The curtains have closed on the Arab Film House Festival 2023, leaving behind an indelible imprint of creativity, diversity, and the rich tapestry of Middle Eastern cinema. Hosted by the Qatar America Institute for Culture and the Middle East Institute, this cinematic journey on November 16th showcased the storytelling prowess of emerging Qatar-based filmmakers. Let’s take a moment to revisit the captivating films that graced the screen and the unique narratives that unfolded.
The Scent – Ahmad Samara and Alaa Alhussan
The festival kicked off with “The Scent,” a short concept film by Arab American filmmaker Ahmad Samara and creative producer Alaa Alhussan. Their intriguing narrative set the tone for an evening filled with cinematic excellence, inviting the audience into a world where storytelling becomes an art form.
A special highlight of the evening was the engaging Q&A session that followed the screening of “The Scent.” The audience delved into the inspiration and direction of the project, posing numerous questions to the creators. The filmmakers, Ahmad Samara and Alaa Alhussan, graciously responded to inquiries about the creative process, shedding light on the journey from concept to screen. The intimate exchange allowed the audience to gain deeper insights into the motivation behind the film, making the viewing experience even more immersive and memorable.
Border – Khalifa Al Thani
In the dystopian landscape painted by Khalifa Al Thani’s “Border,” audiences navigated a complex system alongside the protagonist on a quest to reunite with family. Al Thani’s exploration of identity and the human experience in challenging circumstances left a lasting impression, showcasing the filmmaker’s commitment to thought-provoking storytelling.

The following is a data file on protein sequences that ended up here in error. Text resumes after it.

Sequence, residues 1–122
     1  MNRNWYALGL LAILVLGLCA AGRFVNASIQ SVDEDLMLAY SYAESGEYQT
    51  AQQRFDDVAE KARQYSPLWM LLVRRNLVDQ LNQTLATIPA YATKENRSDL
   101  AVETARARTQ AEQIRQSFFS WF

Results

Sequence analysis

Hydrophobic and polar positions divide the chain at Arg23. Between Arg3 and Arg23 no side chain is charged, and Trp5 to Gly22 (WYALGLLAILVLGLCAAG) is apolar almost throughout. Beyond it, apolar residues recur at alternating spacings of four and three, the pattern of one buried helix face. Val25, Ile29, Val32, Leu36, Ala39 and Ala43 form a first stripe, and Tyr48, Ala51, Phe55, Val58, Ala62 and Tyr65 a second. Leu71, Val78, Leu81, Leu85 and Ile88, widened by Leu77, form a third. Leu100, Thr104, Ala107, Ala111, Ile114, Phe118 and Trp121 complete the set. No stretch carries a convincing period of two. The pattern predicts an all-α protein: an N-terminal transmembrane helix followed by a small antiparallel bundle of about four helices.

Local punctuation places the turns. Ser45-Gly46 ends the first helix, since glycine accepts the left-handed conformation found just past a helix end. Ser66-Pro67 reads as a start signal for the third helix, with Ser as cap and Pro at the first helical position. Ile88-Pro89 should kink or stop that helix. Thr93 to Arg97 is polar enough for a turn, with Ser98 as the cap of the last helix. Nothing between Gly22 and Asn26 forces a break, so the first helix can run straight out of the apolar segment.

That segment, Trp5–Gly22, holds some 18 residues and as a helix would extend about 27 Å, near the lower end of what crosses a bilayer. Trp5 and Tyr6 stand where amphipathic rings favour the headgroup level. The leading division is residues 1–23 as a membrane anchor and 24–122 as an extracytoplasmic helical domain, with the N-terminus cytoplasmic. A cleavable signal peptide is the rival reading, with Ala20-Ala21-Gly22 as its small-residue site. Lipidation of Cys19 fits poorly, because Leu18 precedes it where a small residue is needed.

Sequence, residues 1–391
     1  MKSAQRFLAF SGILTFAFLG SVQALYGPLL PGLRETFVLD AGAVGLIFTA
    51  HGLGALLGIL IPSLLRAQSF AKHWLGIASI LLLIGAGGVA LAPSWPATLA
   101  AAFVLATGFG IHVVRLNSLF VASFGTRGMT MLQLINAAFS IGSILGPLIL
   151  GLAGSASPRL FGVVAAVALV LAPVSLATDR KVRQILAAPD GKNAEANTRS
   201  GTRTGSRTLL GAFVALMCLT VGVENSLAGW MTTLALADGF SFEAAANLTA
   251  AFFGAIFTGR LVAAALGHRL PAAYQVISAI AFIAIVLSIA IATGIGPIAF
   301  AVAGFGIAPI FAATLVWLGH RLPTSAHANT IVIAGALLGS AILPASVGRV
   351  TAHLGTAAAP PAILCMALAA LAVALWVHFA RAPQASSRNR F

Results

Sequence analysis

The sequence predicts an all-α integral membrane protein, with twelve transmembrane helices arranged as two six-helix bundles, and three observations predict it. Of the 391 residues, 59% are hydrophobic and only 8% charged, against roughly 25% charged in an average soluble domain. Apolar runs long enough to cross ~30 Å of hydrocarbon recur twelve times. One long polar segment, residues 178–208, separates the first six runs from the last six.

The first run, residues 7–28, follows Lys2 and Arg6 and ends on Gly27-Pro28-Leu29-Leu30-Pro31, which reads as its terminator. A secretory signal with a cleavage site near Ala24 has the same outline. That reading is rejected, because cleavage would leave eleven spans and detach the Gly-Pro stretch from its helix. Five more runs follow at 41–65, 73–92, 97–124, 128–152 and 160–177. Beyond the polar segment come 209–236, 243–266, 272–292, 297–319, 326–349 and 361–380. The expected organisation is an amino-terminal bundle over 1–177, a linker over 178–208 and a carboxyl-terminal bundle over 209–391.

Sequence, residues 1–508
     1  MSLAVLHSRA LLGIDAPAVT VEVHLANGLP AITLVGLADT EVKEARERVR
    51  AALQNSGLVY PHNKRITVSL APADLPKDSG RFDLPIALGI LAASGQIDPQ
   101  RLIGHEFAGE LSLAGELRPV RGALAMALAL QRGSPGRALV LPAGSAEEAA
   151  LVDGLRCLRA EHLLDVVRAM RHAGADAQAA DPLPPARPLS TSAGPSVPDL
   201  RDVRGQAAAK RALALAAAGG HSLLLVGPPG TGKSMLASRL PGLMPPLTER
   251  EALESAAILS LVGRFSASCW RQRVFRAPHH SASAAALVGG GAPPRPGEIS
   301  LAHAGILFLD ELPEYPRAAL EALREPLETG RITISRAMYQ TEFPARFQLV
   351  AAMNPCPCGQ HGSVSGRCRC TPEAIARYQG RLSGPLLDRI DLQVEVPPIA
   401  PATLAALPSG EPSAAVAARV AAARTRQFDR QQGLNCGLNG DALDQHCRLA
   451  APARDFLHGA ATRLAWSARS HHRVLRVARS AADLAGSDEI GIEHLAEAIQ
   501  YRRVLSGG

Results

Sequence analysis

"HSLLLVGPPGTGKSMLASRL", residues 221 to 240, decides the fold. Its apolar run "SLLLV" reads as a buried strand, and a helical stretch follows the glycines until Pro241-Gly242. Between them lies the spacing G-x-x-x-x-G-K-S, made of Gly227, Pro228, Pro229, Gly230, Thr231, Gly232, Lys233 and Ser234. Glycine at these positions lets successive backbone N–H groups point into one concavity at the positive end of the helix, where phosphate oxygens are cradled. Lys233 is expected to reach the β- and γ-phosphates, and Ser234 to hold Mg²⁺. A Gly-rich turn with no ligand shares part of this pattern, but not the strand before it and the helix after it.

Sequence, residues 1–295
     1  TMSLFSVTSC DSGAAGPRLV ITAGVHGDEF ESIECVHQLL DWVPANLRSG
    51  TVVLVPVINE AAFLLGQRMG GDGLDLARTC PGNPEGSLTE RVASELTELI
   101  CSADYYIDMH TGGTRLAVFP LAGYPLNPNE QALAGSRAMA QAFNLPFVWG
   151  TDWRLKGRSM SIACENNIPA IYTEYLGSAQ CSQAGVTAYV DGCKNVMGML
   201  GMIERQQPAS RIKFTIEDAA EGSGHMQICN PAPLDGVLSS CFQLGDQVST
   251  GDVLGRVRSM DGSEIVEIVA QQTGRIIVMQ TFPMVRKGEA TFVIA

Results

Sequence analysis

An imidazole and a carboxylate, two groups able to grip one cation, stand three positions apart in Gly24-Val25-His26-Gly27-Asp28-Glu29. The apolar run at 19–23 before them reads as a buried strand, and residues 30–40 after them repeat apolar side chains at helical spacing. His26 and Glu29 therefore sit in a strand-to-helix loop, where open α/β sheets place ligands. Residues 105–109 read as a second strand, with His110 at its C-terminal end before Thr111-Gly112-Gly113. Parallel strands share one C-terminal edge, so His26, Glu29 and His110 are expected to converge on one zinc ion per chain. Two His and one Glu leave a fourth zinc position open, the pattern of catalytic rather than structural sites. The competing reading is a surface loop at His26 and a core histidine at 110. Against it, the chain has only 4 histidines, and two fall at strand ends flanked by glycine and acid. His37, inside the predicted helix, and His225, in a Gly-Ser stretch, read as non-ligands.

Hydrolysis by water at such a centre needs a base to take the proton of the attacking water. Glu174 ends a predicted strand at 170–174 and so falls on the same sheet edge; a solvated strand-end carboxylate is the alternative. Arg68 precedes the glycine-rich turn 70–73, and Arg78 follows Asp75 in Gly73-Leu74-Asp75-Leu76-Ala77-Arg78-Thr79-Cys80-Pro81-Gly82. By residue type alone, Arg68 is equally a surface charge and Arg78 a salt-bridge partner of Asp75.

And Then They Burn the Sea – Majid Al-Remaihi
Majid Al-Remaihi’s poignant journey, “And Then They Burn the Sea,” provided a window into the filmmaker’s personal experience of witnessing a gradual and terminal memory loss. Premiering at Locarno 2021, the film captured the emotional depth of human connections, leaving the audience reflecting on the universal themes of love and loss.
When Beirut Was Beirut – Alessandra El Chanti
Alessandra El Chanti transported the audience through time and space in “When Beirut Was Beirut.” The animated documentary breathed life into three monumental buildings, narrating the unsettling history of Beirut. El Chanti’s unique storytelling approach brought forth the voices of the city’s architectural witnesses, creating a captivating experience.
The Invisible Ball – Waad Abdelsalam
Waad Abdelsalam’s “The Invisible Ball” unfolded the true story of determination and inspiration drawn from Qatar’s football history. The film showcased Abdelsalam’s passion for storytelling and her ability to capture the essence of human resilience, leaving the audience inspired by the triumphs in the face of adversity.
Don’t Get Too Comfortable – Shaima Al-Tamimi
Shaima Al-Tamimi’s “Don’t Get Too Comfortable” invited viewers into an introspective world through an intimate letter to her deceased grandfather. Reflecting on her ancestral migrational journey over three generations, the film challenged conventional notions of identity, offering a unique and deeply personal perspective.
Kafo – Sara Al-Muhannadi and Amira El-Namla
The evening concluded with “Kafo” by Sara Al-Muhannadi and Amira El-Namla. The short narrative unfolded the story of a new kid in the neighborhood, thrown into a football match to prove his skills to the local kids.
As we look back on the Arab Film House Festival 2023, we celebrate the creative brilliance of these emerging filmmakers who are shaping the future of Middle Eastern cinema. Each film told a unique story, reflecting the diverse voices and perspectives of the region. The festival not only entertained but also sparked meaningful conversations and reflections on the universal themes that connect us all. Here’s to the filmmakers, the stories told, and the continued growth of the vibrant cinematic landscape in the Middle East.